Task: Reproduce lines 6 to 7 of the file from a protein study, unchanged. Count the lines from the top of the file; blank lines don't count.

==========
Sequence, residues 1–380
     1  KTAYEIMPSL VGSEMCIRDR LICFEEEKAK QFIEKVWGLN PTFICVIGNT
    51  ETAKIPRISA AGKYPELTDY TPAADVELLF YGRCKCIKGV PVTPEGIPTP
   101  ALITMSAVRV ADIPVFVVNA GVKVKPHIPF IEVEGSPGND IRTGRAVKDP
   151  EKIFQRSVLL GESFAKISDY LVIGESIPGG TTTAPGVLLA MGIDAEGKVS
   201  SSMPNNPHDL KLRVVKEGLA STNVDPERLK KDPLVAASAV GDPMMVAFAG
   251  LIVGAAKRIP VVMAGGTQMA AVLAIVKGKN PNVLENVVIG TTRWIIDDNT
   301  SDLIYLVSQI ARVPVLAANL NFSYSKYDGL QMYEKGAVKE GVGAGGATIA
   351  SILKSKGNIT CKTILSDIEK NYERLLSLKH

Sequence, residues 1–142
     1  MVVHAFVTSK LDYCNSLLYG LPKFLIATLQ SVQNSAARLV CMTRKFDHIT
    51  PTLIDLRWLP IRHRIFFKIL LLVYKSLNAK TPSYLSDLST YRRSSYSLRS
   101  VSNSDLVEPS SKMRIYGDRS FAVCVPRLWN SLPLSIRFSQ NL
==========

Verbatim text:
   201  SSMPNNPHDL KLRVVKEGLA STNVDPERLK KDPLVAASAV GDPMMVAFAG
   251  LIVGAAKRIP VVMAGGTQMA AVLAIVKGKN PNVLENVVIG TTRWIIDDNT